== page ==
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|Print List Price:||£8.99|
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The Cruel Mother: A family ghost laid to rest Kindle Edition
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Sian Busby was a wonderful author, who died herself, much too young. Her bravery in exploring her own thoughts about motherhood and how her great-grandmother's secret affected her family is a really honest account and an important social history of working class women and their daily struggles. This is a very moving read and one I recommend highly.
I think that this book has unreached potential and it is a great shame that it didn't become the interesting story that it could have been but rather a mismatch of storytelling and non-fiction social history. The author has included a lot in this book that is very interesting - the lives of the lace making women, statistics about child deaths during the 20th century, a bit of the history of Romford and, to be perfectly honest, a bit of anything that was remotely connected to the story. The result is that this book just doesn't know what it is.
I had expected a detailed investigation into the trial of Beth, the lady in question, with information from the court papers and her medical records. Actually very few facts are included apart from the outline from the local paper and some supposition from what family members can remember being told in the past. In fact much of the book is based on the author imagining what people may have felt about events rather than concrete facts. There may not have been many concrete facts so perhaps a book into the subject wasn't the best plan. Possibly a chapter in a book on social history of the time or history of many women who killed their babies would have been significantly better.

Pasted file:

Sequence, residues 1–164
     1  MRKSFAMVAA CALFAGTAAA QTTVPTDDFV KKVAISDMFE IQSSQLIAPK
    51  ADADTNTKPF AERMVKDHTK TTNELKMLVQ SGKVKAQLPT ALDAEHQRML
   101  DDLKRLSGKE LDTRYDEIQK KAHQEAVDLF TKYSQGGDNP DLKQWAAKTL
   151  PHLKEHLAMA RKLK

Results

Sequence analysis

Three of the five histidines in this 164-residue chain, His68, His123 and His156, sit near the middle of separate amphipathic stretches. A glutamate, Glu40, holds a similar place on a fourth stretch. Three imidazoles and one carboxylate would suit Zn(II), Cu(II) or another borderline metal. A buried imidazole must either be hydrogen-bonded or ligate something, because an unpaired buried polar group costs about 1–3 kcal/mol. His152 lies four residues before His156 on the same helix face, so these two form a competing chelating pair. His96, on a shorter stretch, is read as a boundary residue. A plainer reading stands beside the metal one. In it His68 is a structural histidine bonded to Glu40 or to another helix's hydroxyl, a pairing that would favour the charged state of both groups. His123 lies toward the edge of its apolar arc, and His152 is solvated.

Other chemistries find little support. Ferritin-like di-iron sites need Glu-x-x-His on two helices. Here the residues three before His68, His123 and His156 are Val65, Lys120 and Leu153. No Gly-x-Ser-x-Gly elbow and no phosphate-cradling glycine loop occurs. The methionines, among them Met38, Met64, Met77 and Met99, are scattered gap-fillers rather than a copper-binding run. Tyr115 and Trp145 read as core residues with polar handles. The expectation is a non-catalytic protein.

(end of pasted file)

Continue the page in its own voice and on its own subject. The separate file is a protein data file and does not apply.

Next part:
The author seems to have set out on a quest which is all very good. Unfortunately she has found few real facts and been unable to reproduce in the book paper records from the time meaning there is little substance to the main point of the book. Consequently she has padded it out with all sorts of imagined feelings and facts about social events of the time. The actual story got rather lost in all of the padding.
I had imagined a book more along the lines of The Suspicions of Mr Witcher which included court papers, photos, medical records and police reports. This was all missing from this book. At one point the author describes how a person looked in a photograph - why not just reproduce the photo so we can all see what you are talking about.
This is a book that lost its way and become a collection of slightly connected but interesting facts. It really wasn't a book that was easy to read as it kept jumping around between family events and a wider social history. There seemed to be little structure and no clear distinction between extrapolation on the part of the author & known and documented facts.
A book that could have been excellent but just wasn't. A shame.
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